Something in the rain is a beautiful drama starred by Yoon Jin Ah (played by the amazing Son Ye Jin), is one among the foremost well-rounded female (lead) characters I’ve ever seen on (Korean) screen till now. The primary ten minutes of the episode itself may be a testament to that.

In this post, I have explained the ending for “Something in the Rain” K-Drama. The ending for the show was quite good, and here’s what you need to know about the same –

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Yoon Jin-ah

In this short span itself, we see the varied personas of 1 character — from her strict demure at work to her carefree attitude with Kyung Sun, Jin Ah is formed as relatable as possible. Tv shows always tend to form characters fit into a group character trait, but inherently we are different with different people and Jin Ah is not any exception thereto case.

She is in her mid 30’s, features a good job, may be a caring daughter and sister but she is unmarried, meaning, she gets tons of unsolicited advice from everyone around her, and sometimes this ticks her off, like when Gyu Min dares to possess dinner together with her parents, after cheating on her, so she wears the foremost provocative dress she will find, just to embarrass him. Or when she grabs a drink together with her disgruntled client after work, to undertake to urge him to rejoin the coffee house chain.

There’s even an attempt of her on the subway escalator, where you actually got to scan the screen to seem for her. She might also be just another face you see on your thanks to work, but Jin Ah is simply uninterested in maintaining the right, well-disciplined act in the least times, and this streak of crazy strikes precisely the right chords and doesn’t end in something extremely stupid.

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Seo Joon Hee

Seo Joon Hee (Jung Hae in his first lead role) is that the simple and picked up (at most times) counterpart to the complex Jin Ah. The workplace may be a mirror to their different personalities and therefore the age gap; Joon Hee’s office welcomes him with a playful toy gunfight and that they even select what to eat for lunch with a game, while Jin Ah’s office is discriminatory towards the ladies.

It’s like battlefield she has got to survive a day, which is in conjunction together with her home life, where even her mother (Kil Hae Yeon), nudges her daughter to urge back together with her cheating boyfriend, simply because he’s rich, and a graduate of Seoul University.


However, these differences only complement their relationship and bring out the crazy, passionate love and therefore the deep understanding they need for every other and their families. The cinematography becomes a terrific extension of their relationship.

The whole duration of Jin Ah and Joon Hee’s relationship, until it’s disclosed to others, are wide shots, with slow-motion and infrequently any dialogues. It’s a mirrored image of the honeymoon phase of their relationship, and that we are just observers, sitting beyond them, and watching them, in their small happy bubble. However, once the key is out, the story is comprised of medium shots, as a bit like the remainder of the characters, we also are in on the key. Even Jin Ah’s and Joon Hee’s dinner dates become boring. We get much closer shots of them, and that we are in on all their conversations.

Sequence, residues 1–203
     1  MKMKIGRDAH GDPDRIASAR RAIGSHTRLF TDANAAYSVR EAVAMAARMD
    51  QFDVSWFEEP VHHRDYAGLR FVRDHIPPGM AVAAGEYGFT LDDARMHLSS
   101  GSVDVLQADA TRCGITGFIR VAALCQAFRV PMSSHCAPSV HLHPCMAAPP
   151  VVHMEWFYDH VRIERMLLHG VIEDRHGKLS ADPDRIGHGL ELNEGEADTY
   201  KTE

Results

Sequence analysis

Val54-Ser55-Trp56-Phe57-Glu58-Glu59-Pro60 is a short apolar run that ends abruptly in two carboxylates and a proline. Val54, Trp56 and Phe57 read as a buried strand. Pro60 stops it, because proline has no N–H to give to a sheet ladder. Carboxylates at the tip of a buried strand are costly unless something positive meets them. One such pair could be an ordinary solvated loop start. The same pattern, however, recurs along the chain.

The core plot if simplified is about an older woman during a relationship with a younger man, but the larger problem actually is how they need to grow up together, so everyone assumes that they’re like siblings, so when the connection is revealed, it comes off as a brutal shock to everyone around them. When Joon Hee takes Jin Ah camping together with his friends, who all have younger girlfriends, you retain excepting someone to ask him why he’s dating an older woman, but nobody does, because it’s not alleged to be a drag.

This is not the primary time during a drama that there are two characters who have grown up together, then eventually fall crazy. The entire Reply series hinged on this notion, and that we saw it in Pinocchio and Hwarang also, but apart from the initial resistance, the couple does find happiness. In Something in the Rain, there are too many threads attached, and as predicted, all snaps as Jin Ah and Joon Hee confess about their feelings to others, and it wedges a conflict between both of them too, as they find it difficult to stay themselves and everybody around them happy.

Kil Hae Yeon is unapologetic because the nagging and stubborn mother, who is dead against Jin Ah’s relationship with Joon Hee and goes to varied lengths to interrupt them apart. The show doesn’t apologize for her behavior, and neither does it grant any sympathy, but there’s one moment, where it asks us to seem at her from her point of view, even for a real moment. It’s when she goes over to Joon Hee’s house within the middle of the night, knowing that Jin Ah is spending the night there.

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The only weak link within the story was the entire harassment subplot that progresses smoothly alongside the most storyline, but after spending such a big-time thereon, we never get the closure that the show was build up to.

On the upside, JTBC may be a craving quite niche with its intricately detailed and realistic melodramas. After Just Between Lovers, this is often the second melodrama that I even have thoroughly enjoyed watching. They appear to possess mastered showcasing the melodrama, with less of the Melo and more of the drama.

Something within the Rain is additionally one among those rare gems that come along rarely, but once they do, and possesses the happy ending. You can stream Something in the Rain online on NETFLIX.